Earlier this month, Financial Secretary Paul Chan outlined in his personal blog Hong Kong’s role in investing in Belt and Road projects.
In his post, he noted that the “HKMA’s Infrastructure Financing Facilitation Office (IFFO)… is exploring cooperation with state-owned enterprises (SOE) to look for some attractive overseas projects with stable returns, and to consider investing these projects in a way as equity investors.”
Chan’s announcement, made in Chinese, has attracted little comment in the English language press.
Who could object to higher returns on Hong Kong’s large reserves and surpluses? Using money held by the central bank to invest could only help Hong Kong, and Beijing. Well, most professional economists, and the International Monetary Fund in particular, have frowned on this type of scheme in most countries.
The reasons are obvious: giving public money to SOEs doesn’t just make SOE balance sheets look artificially good. Such investments also help take money off government’s official balance sheets.
International public finance rules usually take a dim view of spiriting government money into off-shore SOEs, even in less-than-democratic countries.
Think where the money could go from there. What stops government-owned and controlled SOEs from simply forwarding the money to the national treasury in Beijing? Such a move would attract far less attention than a direct transfer.
Or worse yet, having these investments “fail” (namely never made in earnest). Local government officials, SOE representatives and locals in Belt and Road countries could very easily divide the money between them.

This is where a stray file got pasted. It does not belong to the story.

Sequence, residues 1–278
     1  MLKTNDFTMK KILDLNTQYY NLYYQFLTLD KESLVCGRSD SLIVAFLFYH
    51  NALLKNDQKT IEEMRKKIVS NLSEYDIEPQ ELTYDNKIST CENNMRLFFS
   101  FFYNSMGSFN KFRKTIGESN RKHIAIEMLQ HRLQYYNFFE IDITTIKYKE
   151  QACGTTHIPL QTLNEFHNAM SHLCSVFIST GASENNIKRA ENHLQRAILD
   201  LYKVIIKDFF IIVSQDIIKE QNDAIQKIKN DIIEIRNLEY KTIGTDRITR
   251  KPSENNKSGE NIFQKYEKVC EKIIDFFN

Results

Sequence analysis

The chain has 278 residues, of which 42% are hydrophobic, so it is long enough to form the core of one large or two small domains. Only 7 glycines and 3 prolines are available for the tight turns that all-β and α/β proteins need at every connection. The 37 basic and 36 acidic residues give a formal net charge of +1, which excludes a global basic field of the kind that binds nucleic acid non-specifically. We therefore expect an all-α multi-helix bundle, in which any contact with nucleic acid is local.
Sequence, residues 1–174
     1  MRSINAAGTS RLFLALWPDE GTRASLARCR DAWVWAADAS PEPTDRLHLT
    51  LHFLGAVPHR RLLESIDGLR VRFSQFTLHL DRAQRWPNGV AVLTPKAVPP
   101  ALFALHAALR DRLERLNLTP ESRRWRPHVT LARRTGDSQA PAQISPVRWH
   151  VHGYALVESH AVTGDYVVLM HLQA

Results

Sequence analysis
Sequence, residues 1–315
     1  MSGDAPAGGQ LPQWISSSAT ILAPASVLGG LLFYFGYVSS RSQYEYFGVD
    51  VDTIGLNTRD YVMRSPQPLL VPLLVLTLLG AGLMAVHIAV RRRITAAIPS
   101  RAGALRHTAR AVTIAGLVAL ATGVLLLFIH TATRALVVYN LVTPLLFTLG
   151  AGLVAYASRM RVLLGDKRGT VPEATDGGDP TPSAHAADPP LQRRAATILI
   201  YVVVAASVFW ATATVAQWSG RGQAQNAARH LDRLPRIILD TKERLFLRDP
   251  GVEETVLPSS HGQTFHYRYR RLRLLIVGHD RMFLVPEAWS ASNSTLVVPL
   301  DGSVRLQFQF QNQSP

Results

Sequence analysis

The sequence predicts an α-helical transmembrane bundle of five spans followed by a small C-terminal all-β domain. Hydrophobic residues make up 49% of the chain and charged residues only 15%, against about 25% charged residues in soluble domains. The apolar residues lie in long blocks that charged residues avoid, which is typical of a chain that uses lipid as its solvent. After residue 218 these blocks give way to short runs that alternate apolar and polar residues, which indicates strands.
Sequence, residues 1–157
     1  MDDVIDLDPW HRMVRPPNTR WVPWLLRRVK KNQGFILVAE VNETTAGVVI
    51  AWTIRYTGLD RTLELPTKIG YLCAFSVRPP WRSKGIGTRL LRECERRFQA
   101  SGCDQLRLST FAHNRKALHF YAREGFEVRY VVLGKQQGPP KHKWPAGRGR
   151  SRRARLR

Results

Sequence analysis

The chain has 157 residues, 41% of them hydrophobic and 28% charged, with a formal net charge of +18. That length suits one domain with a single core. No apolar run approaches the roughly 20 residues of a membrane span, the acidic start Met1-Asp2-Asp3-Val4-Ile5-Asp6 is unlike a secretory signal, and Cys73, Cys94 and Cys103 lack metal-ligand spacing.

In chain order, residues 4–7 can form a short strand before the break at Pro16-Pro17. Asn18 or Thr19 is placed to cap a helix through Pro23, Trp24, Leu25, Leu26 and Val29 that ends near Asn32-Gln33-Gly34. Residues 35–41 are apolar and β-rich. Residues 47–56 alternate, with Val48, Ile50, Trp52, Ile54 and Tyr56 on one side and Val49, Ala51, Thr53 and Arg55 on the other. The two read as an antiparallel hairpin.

The auditor and former World Banker in me recoils. Yet, the jurist in me sees far deeper, interesting questions in governance and sovereignty.
Under the One Country, Two Systems formula, does Beijing have the right to take budget funds and/or central bank reserves, in the same way the Russian budget can take a cut of local revenues through a process called “equalisation”?
What duty do Hong Kong officials have to protect such funds overseen by a national sovereign? What about a sovereign manned by individuals widely proven to enrich themselves with public funds?
Using Hong Kong public money to invest in Belt and Road projects then can either feed corruption (at worst), clientelism, direct state-influence of economic affairs (the most likely), or simply represent a transfer to the national treasury (at best).
Journalists and taxpayers in Hong Kong have no rights to the kind of freedom of information found in the West. The government does not owe us the same reporting over the use of public funds as in the US or EU. Yet, they owe us something. Otherwise, why report on it at all?
So what level of transparency is our due?
HKMA’s Infrastructure Financing Facilitation Office which has been established for two years. It has been playing a bridging role in directing international funds to high returns and valuable projects, filling the funding gap for infrastructure projects. With the support of the State-owned Assets Supervision and Administration Commission of the State Council, the HKMA is exploring cooperation with central state-owned enterprises to look for some attractive overseas projects with stable returns, and to consider investing these projects in a way as equity investors. Last year, the Securities and Futures Commission (i.e. the Hong Kong securities regulator) also issued guidelines about the listing of infrastructure projects firms in Hong Kong.
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